But the question remains: Are they good enough to advance further in the NFC postseason?
They’ll face a big challenge in Charlotte, N.C., on Sunday when they face the Carolina Panthers.
When the Panthers played at Candlestick on Nov. 10, they emerged with a 10-9 win in a game that was painful to watch. Both quarterbacks, the Panthers’ Cam Newton and the 49ers’ Colin Kaepernick, were dismal. Newton was terrible in the early going, though he hit some passes late as the Panthers scored the game’s only touchdown.
I have no idea what Newton’s problems were, but Kaepernick has often struggled against good defensive teams. He didn’t face one two days ago in Green Bay. The Packers did not have a strong defense during the season, and they went into this game without linebacker Clay Mathews, their best defender. Then, they lost defensive players to injuries during the game, injuries that certainly weren’t helped by the frozen turf.
Packers defensive coordinator Dom Capers tried gambling strategies, sometimes blitzing, sometimes showing blitz, then having defenders drop back in coverage.
That sometimes worked — Kaepernick was sacked three times for a loss of 13 yards Sunday — but other times, Kaepernick took advantage of the weak spots, usually by running.
Even then, he had some problems. Early in the second quarter, with absolutely no pressure on him, he threw an interception which stopped a 49ers drive and seemed to inspire the Packers, who drove down field for a touchdown.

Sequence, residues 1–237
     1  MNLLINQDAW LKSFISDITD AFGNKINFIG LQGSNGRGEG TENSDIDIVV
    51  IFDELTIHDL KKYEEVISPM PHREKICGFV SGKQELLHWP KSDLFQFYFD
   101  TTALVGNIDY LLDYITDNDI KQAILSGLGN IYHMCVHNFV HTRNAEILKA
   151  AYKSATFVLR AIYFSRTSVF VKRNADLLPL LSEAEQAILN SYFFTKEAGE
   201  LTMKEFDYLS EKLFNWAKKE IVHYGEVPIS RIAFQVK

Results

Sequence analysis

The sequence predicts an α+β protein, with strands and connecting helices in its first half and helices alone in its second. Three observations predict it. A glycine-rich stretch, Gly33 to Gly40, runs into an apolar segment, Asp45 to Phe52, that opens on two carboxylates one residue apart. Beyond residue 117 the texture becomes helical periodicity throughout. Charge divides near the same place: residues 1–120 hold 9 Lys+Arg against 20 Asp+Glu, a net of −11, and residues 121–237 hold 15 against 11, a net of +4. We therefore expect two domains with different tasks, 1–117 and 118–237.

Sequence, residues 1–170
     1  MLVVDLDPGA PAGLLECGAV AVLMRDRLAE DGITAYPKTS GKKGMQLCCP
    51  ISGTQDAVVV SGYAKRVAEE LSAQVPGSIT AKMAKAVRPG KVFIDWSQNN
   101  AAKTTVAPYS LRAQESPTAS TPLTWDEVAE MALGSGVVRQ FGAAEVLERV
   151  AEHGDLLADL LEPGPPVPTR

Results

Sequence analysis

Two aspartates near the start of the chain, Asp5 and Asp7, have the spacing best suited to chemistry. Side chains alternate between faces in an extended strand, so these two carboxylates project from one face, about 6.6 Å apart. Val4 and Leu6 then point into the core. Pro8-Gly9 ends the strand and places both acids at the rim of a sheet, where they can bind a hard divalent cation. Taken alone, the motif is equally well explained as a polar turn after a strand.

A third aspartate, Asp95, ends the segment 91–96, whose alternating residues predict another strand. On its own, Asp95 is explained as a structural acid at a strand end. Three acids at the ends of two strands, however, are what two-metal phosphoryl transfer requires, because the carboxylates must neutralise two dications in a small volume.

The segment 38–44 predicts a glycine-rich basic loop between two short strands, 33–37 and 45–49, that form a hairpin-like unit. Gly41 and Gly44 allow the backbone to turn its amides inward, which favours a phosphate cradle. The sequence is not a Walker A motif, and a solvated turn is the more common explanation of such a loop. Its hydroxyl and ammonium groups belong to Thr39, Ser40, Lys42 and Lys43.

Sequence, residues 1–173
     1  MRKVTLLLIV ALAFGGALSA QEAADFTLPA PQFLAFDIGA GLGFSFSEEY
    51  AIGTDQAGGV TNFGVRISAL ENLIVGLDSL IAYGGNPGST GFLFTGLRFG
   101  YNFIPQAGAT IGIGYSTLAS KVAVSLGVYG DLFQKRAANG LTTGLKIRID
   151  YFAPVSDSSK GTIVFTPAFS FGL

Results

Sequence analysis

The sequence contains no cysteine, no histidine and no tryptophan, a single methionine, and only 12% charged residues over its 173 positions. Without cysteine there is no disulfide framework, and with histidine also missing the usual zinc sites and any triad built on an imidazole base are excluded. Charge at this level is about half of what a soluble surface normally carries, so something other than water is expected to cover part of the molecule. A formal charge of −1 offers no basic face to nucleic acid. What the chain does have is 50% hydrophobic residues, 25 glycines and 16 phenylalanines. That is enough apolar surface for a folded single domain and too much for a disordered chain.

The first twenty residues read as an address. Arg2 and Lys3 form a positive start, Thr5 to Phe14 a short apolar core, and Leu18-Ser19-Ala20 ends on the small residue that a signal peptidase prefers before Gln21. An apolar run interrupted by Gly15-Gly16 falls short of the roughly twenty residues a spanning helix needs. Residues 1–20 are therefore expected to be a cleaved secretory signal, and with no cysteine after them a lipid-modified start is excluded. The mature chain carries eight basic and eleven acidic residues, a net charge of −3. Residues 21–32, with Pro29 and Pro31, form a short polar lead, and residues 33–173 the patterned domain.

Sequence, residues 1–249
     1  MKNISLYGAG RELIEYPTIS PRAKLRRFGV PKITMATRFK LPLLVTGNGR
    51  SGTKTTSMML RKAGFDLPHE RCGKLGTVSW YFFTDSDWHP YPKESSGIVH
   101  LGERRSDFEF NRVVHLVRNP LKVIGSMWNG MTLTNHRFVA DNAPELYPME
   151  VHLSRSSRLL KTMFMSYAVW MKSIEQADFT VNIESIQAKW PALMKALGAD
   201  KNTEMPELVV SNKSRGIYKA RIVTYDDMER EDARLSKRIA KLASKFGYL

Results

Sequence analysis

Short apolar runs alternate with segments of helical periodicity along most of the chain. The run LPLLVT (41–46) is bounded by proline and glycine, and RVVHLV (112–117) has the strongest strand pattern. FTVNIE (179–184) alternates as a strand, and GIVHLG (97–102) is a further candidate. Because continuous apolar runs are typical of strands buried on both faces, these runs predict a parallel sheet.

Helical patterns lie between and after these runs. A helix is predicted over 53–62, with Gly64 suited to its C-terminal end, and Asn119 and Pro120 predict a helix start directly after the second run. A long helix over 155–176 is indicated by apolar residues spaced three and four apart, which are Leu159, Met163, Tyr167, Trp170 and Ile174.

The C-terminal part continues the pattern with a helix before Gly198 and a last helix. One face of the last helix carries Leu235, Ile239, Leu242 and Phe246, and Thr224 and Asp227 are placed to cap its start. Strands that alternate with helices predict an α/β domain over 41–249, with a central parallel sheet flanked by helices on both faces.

But Kaepernick and the Niners caught a huge break on their last drive when a Packers defensive back dropped a would-be interception. Had he hung on, it would have been the Packers with a dramatic end-of-the-game score to win it.
That’s how close the two teams were, with one decisive break determining winner and loser, and it’s also a cautionary tale for 49ers fans this next weekend, when they’ll be facing a tough defensive team on the Panthers’ home field.
The Panthers started slowly with three losses in their first four games but they’ve only lost once since then, to the Saints in New Orleans, a loss they avenged with a victory at home that secured a division title and the same 12-4 record as the 49ers.
Like Kaepernick, Newton is a multi-talented quarterback who is dangerous running the ball or passing it. They’re both in their third pro year, though they came to their teams in much different fashion: Newton was the first pick in the 2011 draft and the immediate starter while Kaepernick was a second-round pick by the Niners who backed up Alex Smith initially.
Kaepernick has already been to one Super Bowl. This is Newton’s first real chance to get to one, though the Seattle Seahawks will probably block his way.
But not the Niners. Their miracle finishes will end Sunday in Charlotte.
Glenn Dickey has been covering Bay Area sports since 1963 and also writes on www.GlennDickey.com. Email him at firstname.lastname@example.org.